Drought planting or designing a garden which is sustainable in prolonged hot weather is a long term view, something which we would plan for at the beginning of a garden design. Part of the design brief and discussion would be to look at how hot the climate is and for how long; what is the water availability for watering ornamental plants; how much time does our client wish to spend maintaining the garden (watering, deadheading, pruning etc) ; and the size of their budget. It’s an interesting topic, relevant to sustainable gardening and easy or low maintenance gardening and worthy of a blog post in its own right. (Watch this space)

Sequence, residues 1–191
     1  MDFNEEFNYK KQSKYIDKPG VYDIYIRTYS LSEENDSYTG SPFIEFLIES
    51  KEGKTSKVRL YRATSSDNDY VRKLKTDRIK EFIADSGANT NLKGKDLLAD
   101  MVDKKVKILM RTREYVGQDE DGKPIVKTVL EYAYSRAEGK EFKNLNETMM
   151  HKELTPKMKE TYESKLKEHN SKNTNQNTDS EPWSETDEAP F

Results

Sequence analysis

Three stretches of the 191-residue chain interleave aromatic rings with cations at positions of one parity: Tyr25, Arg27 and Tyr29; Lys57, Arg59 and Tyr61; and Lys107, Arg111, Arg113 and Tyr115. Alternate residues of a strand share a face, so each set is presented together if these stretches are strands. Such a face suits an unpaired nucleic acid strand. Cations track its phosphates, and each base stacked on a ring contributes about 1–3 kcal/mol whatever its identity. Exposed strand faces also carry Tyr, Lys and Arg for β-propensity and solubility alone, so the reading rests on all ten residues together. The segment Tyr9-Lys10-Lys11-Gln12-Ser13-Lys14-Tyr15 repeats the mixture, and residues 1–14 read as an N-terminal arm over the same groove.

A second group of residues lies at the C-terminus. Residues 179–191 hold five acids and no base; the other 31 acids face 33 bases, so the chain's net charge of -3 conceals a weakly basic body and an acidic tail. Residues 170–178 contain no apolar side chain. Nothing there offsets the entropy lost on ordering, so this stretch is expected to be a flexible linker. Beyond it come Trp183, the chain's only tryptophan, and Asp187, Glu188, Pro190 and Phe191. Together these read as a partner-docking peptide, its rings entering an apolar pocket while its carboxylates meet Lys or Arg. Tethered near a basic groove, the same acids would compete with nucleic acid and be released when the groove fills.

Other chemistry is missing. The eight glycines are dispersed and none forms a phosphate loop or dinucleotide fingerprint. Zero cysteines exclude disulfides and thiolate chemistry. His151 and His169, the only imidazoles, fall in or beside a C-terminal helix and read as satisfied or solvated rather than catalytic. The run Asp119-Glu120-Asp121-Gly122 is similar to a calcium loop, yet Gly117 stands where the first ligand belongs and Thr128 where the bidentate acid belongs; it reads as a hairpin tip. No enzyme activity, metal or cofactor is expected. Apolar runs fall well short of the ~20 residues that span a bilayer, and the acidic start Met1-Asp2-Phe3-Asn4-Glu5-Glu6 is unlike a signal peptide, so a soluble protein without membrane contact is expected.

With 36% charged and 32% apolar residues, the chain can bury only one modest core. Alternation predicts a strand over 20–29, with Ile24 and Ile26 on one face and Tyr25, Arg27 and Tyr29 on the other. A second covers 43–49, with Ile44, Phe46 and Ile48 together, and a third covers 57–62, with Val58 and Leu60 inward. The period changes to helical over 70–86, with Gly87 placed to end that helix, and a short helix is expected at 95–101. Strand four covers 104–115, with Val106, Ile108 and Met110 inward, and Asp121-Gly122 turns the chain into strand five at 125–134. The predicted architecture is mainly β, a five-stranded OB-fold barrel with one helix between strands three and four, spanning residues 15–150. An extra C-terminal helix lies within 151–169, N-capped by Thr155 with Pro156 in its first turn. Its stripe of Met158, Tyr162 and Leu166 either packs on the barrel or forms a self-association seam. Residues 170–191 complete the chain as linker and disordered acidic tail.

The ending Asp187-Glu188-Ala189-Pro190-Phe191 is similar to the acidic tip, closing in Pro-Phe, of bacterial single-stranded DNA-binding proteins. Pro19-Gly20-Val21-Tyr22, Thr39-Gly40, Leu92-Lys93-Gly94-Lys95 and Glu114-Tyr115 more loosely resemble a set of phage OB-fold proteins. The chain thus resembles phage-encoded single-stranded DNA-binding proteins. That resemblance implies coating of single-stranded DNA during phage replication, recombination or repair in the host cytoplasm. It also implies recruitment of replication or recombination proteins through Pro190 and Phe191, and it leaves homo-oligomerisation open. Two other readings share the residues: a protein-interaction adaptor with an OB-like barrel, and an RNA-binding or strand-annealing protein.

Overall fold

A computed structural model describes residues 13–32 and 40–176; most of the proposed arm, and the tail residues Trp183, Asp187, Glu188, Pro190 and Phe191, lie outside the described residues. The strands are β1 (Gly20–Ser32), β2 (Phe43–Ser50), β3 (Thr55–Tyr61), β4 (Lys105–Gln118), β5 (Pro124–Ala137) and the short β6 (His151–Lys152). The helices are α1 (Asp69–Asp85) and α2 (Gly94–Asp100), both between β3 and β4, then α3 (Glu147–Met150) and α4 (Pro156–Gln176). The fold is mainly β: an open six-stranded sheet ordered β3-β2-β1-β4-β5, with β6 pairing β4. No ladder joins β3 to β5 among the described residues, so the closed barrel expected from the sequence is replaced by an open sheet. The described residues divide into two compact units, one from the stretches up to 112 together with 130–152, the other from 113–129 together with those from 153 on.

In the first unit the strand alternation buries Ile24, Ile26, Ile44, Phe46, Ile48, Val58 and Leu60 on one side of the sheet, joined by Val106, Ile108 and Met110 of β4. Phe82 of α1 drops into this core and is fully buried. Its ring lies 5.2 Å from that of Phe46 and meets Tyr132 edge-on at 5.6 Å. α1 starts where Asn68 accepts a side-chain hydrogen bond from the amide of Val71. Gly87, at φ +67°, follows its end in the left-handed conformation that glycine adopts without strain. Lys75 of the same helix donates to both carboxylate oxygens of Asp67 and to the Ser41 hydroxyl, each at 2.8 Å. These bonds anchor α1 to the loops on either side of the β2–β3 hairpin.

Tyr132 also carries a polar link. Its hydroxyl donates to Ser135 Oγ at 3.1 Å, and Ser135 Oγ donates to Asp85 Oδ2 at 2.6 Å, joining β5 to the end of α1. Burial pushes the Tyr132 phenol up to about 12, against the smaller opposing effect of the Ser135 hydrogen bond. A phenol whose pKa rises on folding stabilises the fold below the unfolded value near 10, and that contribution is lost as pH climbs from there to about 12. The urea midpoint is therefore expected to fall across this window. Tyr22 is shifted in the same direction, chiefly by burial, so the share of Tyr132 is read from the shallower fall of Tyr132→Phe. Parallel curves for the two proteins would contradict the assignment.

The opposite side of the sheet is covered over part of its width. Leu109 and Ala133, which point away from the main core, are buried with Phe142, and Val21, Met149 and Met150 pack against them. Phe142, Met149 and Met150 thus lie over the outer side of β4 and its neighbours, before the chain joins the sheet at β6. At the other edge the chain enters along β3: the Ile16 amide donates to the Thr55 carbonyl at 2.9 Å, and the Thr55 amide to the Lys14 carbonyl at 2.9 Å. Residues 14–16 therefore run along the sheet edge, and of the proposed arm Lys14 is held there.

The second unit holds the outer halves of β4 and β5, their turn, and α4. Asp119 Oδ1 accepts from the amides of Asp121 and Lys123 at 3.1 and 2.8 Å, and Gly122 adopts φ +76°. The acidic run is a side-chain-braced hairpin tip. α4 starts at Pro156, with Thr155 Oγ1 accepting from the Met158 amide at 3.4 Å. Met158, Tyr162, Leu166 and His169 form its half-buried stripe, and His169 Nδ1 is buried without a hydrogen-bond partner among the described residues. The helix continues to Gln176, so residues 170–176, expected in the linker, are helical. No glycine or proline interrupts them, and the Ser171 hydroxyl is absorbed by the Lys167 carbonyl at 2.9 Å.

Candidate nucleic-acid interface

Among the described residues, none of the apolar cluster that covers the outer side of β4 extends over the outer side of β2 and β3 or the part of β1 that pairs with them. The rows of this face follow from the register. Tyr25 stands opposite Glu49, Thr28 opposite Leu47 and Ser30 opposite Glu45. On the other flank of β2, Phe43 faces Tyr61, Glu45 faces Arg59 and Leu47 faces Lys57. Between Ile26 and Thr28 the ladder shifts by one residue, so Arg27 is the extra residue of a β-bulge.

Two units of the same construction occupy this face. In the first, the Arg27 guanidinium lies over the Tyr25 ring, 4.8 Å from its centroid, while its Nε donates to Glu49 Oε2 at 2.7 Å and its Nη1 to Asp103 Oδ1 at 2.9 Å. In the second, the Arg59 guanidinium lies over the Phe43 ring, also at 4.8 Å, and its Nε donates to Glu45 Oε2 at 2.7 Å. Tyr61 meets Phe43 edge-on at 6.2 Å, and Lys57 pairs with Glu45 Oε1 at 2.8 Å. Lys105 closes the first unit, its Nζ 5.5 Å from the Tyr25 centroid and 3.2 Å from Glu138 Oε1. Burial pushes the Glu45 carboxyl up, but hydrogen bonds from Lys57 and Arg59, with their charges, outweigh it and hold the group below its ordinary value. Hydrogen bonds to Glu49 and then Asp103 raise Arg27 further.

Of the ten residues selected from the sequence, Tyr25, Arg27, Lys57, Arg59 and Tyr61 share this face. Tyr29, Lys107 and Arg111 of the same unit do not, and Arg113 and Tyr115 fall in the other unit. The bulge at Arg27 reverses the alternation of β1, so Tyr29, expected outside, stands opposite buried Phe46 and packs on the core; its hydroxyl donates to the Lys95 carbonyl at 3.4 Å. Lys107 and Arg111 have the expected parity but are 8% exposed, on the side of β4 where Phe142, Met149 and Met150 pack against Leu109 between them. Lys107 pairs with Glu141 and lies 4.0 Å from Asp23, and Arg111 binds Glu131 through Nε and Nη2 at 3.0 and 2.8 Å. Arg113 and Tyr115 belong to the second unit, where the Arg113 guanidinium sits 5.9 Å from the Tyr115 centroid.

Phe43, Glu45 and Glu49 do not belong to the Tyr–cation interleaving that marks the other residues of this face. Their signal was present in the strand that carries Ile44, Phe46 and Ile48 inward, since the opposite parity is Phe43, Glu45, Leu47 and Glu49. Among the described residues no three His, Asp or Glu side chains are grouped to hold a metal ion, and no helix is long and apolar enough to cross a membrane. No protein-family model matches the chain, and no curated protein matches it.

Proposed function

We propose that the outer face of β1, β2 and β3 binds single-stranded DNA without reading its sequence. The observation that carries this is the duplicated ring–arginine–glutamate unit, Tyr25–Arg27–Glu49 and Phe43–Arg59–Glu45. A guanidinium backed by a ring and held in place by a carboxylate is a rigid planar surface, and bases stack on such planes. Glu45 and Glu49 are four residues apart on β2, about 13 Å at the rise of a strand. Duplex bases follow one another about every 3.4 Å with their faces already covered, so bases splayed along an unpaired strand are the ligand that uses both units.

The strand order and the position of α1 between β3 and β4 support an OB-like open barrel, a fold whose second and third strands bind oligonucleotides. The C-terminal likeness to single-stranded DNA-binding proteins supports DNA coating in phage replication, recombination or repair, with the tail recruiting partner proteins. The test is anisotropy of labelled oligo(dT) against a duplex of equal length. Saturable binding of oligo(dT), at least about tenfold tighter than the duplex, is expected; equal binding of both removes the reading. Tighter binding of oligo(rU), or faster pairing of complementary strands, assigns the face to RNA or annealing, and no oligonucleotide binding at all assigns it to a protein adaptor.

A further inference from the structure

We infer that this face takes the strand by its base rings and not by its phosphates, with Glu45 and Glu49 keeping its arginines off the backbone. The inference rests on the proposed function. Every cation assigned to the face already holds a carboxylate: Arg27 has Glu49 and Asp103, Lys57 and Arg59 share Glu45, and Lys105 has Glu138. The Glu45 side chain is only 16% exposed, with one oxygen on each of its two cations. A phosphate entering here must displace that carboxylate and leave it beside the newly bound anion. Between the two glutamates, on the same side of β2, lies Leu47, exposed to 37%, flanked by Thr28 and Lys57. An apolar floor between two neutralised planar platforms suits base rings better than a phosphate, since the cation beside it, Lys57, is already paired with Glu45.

For more tips on watering your garden during a drought, check out our blog archives or drop us an email with your specific query. We like to help.

Plews Garden Design – Resolving your Gardening issues with inspirational ideas and flexible solutions

Marie Shallcross, Senior Partner

Chilean Glory Flower (Eccremocarpus scaber)

Chilean Glory Flower

Seeds and Seed Sowing Indoors


sowing seeds in diagonal pattern

So you’ve bought some seeds from the nursery or have been given some by a friend. The problem is, you’re not sure what you do next.

This blog is aimed at novices, with tips and information; but there may be something new for the rest of you too. In fact we’d welcome your tips added as comments if you’re an ‘old hand’. We also have a ‘how to’ video on Plews YouTube channel so you can see how a novice got to grips with some seed sowing indoors.


Growing Media: